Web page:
A subject we have posted on previously – Is Suburbia Doomed? – received supporting evidence in a report on Morning Edition this morning. In an article entilted – Home Prices Drop Most in Areas with Long Commute – Kathleen Schalch reported that with falling housing prices “the ones with short commutes are faring better than places with long drives into the city. Some analysts see a pause in what has long been inexorable – urban sprawl.”
The story reports on areas around Washington where prices have fallen an average of 11 percent. However, in areas with commutes greater than an hour prices have fallen even more. Neighborhoods closer to Washington have in some cases had modest increases.
Morning Edition, April 21, 2008 · Economists say home prices are nowhere near hitting bottom. But even in regions that have taken a beating, some neighborhoods remain practically unscathed. And a pattern is emerging as to which neighborhoods those are.
The ones with short commutes are faring better than places with long drives into the city. Some analysts see a pause in what has long been inexorable – urban sprawl.
The Washington, D.C., metropolitan area has been hit hard. Prices tumbled an average of 11 percent in the past year. That’s the big picture. But a look at Ashburn, Va., about 40 miles from the center of town, finds a steeper fall.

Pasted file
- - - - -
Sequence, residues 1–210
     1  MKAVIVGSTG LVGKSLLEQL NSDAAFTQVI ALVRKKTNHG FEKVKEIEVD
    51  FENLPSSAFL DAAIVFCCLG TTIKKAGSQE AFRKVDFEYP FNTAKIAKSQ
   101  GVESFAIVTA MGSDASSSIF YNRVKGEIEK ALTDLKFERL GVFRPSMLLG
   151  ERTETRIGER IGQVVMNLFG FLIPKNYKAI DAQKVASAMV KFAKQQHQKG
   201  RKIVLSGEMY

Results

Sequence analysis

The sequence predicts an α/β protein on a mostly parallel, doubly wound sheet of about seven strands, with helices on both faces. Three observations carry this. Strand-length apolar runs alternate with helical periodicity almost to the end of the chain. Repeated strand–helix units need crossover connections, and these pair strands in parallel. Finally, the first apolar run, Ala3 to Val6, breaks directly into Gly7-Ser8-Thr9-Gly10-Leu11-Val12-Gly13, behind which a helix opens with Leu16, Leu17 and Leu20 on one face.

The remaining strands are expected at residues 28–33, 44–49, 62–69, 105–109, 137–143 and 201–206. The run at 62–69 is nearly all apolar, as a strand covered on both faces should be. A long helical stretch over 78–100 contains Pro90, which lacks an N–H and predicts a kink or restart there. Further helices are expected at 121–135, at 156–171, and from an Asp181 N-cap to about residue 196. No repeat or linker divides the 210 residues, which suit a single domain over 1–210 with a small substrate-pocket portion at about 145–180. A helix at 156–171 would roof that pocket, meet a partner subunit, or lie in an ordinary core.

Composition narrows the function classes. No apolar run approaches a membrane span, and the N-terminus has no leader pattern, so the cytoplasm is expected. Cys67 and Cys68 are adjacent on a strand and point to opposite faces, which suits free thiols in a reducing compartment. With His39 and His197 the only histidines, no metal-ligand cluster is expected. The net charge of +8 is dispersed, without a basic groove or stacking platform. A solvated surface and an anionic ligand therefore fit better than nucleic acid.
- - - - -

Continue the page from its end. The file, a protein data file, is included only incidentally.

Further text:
In parts of the county, housing prices have dropped 18 percent over that same period. New construction has ground to a halt.
Realtor Danilo Bogdanovic surveyed two rows of neat, new, brick townhouses on Falkner’s Lane. “These were selling for about $550,000 at the peak, which was about August ’05, and they’re selling right now for about $350,000,” Bogdanovic said. “Fifty percent of this community has been ether foreclosed on or is facing foreclosure.”
For residents who work in the city, their commute is around an hour on trouble-free days. But that can extend upward toward two hours.
At a recent auction of foreclosed homes north of Washington, in the Maryland suburbs, there weren’t many takers. All of the addresses are far from downtown, and average commute times are among the highest in the nation.
It’s a different story for properties that are closer to the city’s center – in areas of Montgomery County that are on the edge of Washington.
“When I have a listing in this neighborhood, there are often 40 to 60 people coming through the open houses,” said Pam Ryan-Brye, an agent with Long and Foster Real Estate.
Inside the city, median home prices are actually up 3.5 percent from a year ago.